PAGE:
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1st Grade Common Core and a Free Tool to Improve Your Student’s Writing!

1st Grade common core standards

Hey everyone, I’ve got a freebie for you all to use with your kids, but first let me explain.

If there is one thing I am learning from writing this blog, it is that there is a ton of Common Core State Standards for each and every single grade. None of them are more blatantly, in your face, related to occupational therapy as is CCSS.ELA-LITERACY.L.1.1.A – “Print all upper- and lowercase letters.” This standard screams occupational therapy to any 1st grade teacher who 1) knows what OT is, and 2) sees a child continuously squishing their letters/words together or forming all lowercase and capital letters the same size with no regard for the base, mid, and top line.

For me, these 2 concerns have got to be up there in the top-5 reasons for a referral, along with sensory worries (more on that in an upcoming blog). While it may be a first grade standard, a referral to OT almost always stems from a child being unable to meet CCSS.ELA-LITERACY.L.1.1.A. Well today, I Just want to provide you all with a support tool. This is one I keep handy at all times and hand out to special education teachers and general education teachers alike. It’s nothing special, but it helps kids with sizing, spacing, and placing their letters on the line. The best part about it, is that you can make as many copies as you’d like.

I call it Gray-space paper and I recently created several versions that can be used from pre-K up to about 3rd grade if we are talking about typically developing kids. You likely have seen paper that use aspects of this paper, but when I couldn’t find paper that had both aspects of the paper kids seemed to respond to, I create this paper.

So anyways, I want you to have it. Just click anywhere on this paragraph to sign up. Simply leave your info and you will soon receive an email with the Gray-space paper attached.

And if for some reason you do not want the paper for free, but still want it… You can purchase it for $1.99 at teacherpayteachers.com. You may also want to take a look at the Hi-write paper down at the bottom of the page. This is also a commonly used adapted paper.

Thank you again. I hope this resource is able to help at least one of your kids and maybe even an entire 1st grade class.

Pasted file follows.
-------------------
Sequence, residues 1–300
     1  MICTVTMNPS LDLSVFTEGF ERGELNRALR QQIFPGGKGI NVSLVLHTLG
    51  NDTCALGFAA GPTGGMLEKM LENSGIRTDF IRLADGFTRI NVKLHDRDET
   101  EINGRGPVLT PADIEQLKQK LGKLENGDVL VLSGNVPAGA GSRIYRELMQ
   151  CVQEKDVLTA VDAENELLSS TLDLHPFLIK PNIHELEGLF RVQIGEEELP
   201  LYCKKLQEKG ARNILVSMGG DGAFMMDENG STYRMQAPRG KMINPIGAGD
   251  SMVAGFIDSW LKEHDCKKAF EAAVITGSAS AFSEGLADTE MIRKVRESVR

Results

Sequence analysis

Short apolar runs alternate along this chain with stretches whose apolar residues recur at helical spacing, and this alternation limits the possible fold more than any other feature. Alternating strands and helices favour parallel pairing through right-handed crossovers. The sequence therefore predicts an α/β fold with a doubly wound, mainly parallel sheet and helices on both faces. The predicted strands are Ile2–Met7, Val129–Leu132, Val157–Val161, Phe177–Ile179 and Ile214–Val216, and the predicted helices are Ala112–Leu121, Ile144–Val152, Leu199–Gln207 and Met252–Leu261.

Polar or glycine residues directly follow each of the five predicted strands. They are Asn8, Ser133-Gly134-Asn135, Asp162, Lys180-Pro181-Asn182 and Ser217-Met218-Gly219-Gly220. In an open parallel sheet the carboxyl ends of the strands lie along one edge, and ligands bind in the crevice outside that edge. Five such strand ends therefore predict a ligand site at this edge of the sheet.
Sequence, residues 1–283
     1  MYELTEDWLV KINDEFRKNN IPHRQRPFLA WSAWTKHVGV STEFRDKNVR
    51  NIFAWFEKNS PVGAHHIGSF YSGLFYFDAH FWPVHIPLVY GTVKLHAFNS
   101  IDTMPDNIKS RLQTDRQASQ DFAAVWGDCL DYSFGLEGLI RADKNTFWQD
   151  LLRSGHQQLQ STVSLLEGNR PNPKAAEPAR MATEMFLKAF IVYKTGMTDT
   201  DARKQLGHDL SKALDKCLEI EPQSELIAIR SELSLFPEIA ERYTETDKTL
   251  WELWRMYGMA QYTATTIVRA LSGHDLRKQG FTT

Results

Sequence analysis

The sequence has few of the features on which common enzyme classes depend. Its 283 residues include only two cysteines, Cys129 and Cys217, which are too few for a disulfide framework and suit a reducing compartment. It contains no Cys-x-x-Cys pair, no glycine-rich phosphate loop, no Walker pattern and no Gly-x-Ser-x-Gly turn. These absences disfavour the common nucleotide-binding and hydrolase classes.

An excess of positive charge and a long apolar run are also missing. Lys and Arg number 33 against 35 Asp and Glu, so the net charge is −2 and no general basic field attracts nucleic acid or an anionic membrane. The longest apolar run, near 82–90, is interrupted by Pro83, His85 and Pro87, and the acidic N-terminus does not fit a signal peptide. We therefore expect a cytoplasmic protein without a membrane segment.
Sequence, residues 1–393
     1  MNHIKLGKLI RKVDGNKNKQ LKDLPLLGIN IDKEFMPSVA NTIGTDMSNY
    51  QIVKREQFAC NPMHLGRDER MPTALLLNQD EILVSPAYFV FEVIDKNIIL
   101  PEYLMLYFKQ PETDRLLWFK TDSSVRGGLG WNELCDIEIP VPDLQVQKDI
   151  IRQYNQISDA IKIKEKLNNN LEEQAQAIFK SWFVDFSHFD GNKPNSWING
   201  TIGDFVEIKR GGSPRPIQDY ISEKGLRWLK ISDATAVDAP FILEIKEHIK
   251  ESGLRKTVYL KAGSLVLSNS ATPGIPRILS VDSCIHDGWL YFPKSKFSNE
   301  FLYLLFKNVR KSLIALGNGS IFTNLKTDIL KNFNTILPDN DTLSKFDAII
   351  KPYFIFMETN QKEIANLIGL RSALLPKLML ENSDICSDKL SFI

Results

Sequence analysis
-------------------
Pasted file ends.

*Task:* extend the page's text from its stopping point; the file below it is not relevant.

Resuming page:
-Jayson

Hi-Write paper (Picture is a Link to Amazon)

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Paint Writing

Paint Writing

 

paint bag

 

Hello again,

I just wanted to share this quick, easy, – and most importantly – fun activity. It can be used to work on many of the skills required for pre-writing and writing skills. Some of the many skills include: following individual or multiple steps, finger isolation, pincer grasp, functional pencil grasp if using a Q-tip as a stylus or a dry erase marker, and shape and letter formation sizing, and placement.

I used this activity with a general education first grade classroom to work on following multiple step directions and then we focused on our letter formation, sizing, and linear placement. Both the teacher and the kids loved drawing shapes, forming letters and spelling words.

Possibly the best aspects of this activity are how easy it is to create and that the paint bags are reusable. To create this project, all that is needed is some acrylic paint, sandwich bags, masking tape, and a sharpie if you plan to sketch some lines on the bag for writing. A q-tip or dry erase marker can also be used by the children to make indentations or draw on the bag.

Some additional tips:

Be sure to use ample paint and try to get all of the air out before sealing the bag. Then there is air, the drawings/letter do not come out as sharp.

Black and white paint aren’t as fun. And they just don’t show up as well. Blue and green seemed to yield the best results.

If sealed tightly, the paint will not dry up for a few days. The teacher I worked with has used them several times to practice spelling words with the class. They still enjoy it.

Well that is it for this post. Let me know what you think about this idea or how you would adapt it for your kids. If you have seen something like this before or used this activity, share your experiences or even pictures. Any questions are also welcome.

Thank you for taking the time to learn about a new activity. If you appreciate this text and wish to view more when available, please subscribe HERE to my email list. As a thank you, I’ll send you a free printable adapted paper you can read more about HERE